- FDA confirmed that the number of HSCT-TMA patients enrolled is sufficient for the BLA’s filing and review for approval. FDA agreed to stopping enrollment.
- FDA requested near-term manufacturing dates for narsoplimab so that FDA’s pre-approval inspections could be scheduled.
- FDA and Omeros’ reached agreement on CMC requirements for stability data and release assays.
- Omeros elected to accelerate the manufacturing schedule for a one-time set of five narsoplimab process validation and commercial lots. These lots were successfully manufactured by Omeros’ manufacturing partner Lonza, satisfy the BLA requirements and can be used for commercial sale following approval.
“The non clinical sections of our BLA have been submitted, our CMC campaign is progressing well with process validation and commercial lots already manufactured, and our pivotal trial is complete,” stated Gregory A. Demopulos, M.D., chairman and chief executive officer of Omeros. “The efficacy threshold agreed with FDA reflects both the primary endpoint’s stringent response criteria and the poor outcomes expected in the patients enrolled in our trial. Of course, we’re very pleased that the response rates and confidence intervals seen with narsoplimab are well above that efficacy threshold. We look forward to continuing to work closely with regulators to make the drug commercially available to transplanters and their patients in the U.S. and internationally as quickly as possible.”
In addition to its HSCT-TMA program, Omeros is enrolling its narsoplimab Phase 3 clinical trials for immunoglobulin A (IgA) nephropathy and atypical hemolytic uremic syndrome (aHUS). Narsoplimab has been granted, for both HSCT-TMA and IgA nephropathy, FDA’s breakthrough therapy designation as well as orphan drug designations from FDA and the European Medicines Agency. The drug also holds FDA’s fast-track designation for aHUS.
Primary Efficacy Endpoint
To be considered a responder, a patient must achieve the primary endpoint of complete HSCT-TMA response defined by improvement in laboratory markers and improvement in clinical status.
Criteria for improvement in laboratory markers are LDH less than 1.5 x upper limit of normal AND improvement of platelet count measures:
- For patients with baseline platelet count ≤20,000/μL, response requires tripling over baseline platelet count, a post-baseline platelet count >30,000/μL, and freedom from platelet transfusion
- For patients with baseline platelet count >20,000/ μL, response requires: an increase in platelet count by ≥50%, a post-baseline platelet count >75,000 /μL, and freedom from platelet transfusion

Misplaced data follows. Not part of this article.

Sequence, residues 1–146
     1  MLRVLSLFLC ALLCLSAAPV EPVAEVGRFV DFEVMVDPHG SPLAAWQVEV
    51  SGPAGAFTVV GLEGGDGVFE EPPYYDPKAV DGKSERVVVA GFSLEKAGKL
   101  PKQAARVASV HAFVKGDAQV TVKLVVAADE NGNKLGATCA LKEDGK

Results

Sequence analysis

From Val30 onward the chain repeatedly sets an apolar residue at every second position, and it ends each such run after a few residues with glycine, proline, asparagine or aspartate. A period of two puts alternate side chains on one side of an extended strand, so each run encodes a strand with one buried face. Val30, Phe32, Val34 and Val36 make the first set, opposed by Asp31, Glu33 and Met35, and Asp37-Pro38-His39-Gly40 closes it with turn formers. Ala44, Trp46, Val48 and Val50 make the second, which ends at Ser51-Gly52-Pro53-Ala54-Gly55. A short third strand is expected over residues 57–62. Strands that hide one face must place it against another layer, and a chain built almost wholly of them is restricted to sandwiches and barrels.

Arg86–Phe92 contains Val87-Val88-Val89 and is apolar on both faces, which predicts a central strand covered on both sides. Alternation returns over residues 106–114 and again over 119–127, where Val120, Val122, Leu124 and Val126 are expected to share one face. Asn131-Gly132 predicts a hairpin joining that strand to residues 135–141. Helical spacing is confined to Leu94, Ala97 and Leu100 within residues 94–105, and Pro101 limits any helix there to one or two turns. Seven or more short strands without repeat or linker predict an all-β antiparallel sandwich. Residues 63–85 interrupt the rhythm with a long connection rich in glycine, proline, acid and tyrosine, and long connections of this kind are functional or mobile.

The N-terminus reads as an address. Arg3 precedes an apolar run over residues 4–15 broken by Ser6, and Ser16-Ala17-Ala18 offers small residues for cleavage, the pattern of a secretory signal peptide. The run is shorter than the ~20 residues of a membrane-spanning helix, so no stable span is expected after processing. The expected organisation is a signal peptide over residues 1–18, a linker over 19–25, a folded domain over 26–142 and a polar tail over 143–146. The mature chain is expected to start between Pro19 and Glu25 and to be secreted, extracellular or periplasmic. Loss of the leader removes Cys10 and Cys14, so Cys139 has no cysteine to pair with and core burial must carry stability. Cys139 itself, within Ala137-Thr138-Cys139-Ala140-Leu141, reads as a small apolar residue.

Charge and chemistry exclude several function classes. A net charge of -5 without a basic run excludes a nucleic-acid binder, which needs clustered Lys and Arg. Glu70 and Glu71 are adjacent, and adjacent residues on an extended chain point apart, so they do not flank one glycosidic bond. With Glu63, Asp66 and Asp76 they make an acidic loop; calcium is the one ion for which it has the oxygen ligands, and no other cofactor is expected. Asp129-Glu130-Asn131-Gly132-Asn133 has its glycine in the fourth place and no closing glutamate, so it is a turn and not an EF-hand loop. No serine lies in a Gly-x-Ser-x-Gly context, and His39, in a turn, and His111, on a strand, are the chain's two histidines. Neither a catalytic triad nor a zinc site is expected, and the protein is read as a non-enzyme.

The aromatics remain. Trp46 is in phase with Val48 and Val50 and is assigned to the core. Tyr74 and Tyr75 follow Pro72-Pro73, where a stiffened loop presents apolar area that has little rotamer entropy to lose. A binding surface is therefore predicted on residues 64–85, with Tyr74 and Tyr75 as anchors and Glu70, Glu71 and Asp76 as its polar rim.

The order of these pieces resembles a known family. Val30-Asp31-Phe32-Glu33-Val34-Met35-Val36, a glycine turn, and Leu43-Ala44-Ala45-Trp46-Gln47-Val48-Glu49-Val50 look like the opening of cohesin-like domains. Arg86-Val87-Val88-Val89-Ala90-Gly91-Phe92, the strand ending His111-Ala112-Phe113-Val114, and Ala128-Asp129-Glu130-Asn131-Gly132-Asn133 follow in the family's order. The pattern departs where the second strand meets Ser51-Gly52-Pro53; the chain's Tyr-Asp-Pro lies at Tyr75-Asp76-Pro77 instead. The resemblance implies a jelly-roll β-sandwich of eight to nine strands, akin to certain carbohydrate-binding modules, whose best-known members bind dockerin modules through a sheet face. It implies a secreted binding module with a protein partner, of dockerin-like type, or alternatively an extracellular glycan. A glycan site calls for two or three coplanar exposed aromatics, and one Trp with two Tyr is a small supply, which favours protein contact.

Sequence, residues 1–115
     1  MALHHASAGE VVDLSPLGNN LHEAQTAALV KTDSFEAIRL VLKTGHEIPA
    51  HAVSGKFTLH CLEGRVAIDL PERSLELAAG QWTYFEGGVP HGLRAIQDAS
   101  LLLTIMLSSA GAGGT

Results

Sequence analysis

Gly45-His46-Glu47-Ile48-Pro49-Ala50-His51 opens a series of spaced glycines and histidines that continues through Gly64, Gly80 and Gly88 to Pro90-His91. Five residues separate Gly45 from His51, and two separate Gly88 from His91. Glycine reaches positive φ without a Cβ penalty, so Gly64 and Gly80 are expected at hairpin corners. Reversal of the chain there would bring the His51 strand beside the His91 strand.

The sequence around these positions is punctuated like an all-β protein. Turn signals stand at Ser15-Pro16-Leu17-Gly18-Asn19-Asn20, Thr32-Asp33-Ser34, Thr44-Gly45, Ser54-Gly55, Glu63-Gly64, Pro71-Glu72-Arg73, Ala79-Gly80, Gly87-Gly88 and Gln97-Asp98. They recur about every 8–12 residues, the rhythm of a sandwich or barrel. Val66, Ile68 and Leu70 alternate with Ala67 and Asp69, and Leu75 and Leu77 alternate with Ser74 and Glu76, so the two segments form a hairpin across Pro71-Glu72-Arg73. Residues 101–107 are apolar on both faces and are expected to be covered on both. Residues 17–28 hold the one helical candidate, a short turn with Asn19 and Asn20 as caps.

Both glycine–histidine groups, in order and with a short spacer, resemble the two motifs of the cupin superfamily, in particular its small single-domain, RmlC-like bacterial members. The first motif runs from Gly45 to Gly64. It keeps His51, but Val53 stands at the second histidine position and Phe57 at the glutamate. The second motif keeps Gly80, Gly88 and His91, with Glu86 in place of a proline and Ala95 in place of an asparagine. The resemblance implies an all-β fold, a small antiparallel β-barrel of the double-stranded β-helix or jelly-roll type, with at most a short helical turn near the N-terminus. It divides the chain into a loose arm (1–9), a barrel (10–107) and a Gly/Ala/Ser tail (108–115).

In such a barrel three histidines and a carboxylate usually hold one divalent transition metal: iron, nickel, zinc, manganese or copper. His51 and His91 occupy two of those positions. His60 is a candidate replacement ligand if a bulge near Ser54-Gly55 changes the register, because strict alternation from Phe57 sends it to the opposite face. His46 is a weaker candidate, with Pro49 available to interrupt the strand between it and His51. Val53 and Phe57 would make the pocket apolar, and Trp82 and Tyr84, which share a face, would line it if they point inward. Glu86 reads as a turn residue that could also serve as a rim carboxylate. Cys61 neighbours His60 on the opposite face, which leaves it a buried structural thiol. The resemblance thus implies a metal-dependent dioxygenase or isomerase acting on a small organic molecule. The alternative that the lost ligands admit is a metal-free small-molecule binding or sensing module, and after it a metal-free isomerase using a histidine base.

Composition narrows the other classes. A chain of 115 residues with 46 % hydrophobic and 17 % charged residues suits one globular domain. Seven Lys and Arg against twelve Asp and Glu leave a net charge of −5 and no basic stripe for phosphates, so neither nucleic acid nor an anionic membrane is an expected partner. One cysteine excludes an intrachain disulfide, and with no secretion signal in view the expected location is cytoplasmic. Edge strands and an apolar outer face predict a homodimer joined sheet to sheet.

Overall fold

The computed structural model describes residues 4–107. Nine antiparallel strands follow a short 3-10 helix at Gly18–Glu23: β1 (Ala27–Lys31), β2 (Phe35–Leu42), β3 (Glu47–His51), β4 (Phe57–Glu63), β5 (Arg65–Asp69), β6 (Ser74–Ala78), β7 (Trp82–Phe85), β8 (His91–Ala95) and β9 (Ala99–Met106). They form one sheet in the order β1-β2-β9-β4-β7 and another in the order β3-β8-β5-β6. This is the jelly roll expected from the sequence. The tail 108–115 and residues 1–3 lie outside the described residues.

Criteria for improvement in clinical status requires at least one of the following:
- Renal response – requires >40% reduction in creatinine, or normalization of creatinine and >20% reduction in creatinine, or discontinuation of renal replacement therapy
- Pulmonary response – requires extubation and discontinuation of ventilator support, or discontinuation of non-invasive mechanical ventilation (continuous positive pressure ventilation)
- Gastrointestinal response – applicable only to patients with biopsy-proven gastrointestinal HSCT-TMA and requires improvement in gastrointestinal function as determined by the Mount Sinai Acute GVHD International Consortium (MAGIC) criteria
- Neurological response – requires improvement in reversible neurological conditions (e.g., cessation of seizures), or stabilization of irreversible neurological conditions (e.g., stability of neurological deficits following stroke without further deterioration or subsequent strokes)
- Freedom from transfusion – only applicable if patient was undergoing transfusion at baseline
About Omeros Corporation
Omeros is an innovative biopharmaceutical company committed to discovering, developing and commercializing small-molecule and protein therapeutics for large-market as well as orphan indications targeting complement-mediated diseases, disorders of the central nervous system and immune-related diseases, including cancers. In addition to its commercial product OMIDRIA® (phenylephrine and ketorolac intraocular solution) 1%/0.3%, Omeros has multiple Phase 3 and Phase 2 clinical-stage development programs focused on complement-mediated disorders and substance abuse. In addition, the company has a diverse group of preclinical programs including GPR174, a novel target in immuno-oncology that modulates a new cancer immunity axis recently discovered by Omeros. Small-molecule inhibitors of GPR174 are part of Omeros’ proprietary G protein-coupled receptor (GPCR) platform through which it controls 54 new GPCR drug targets and their corresponding compounds. The company also exclusively possesses a novel antibody-generating platform.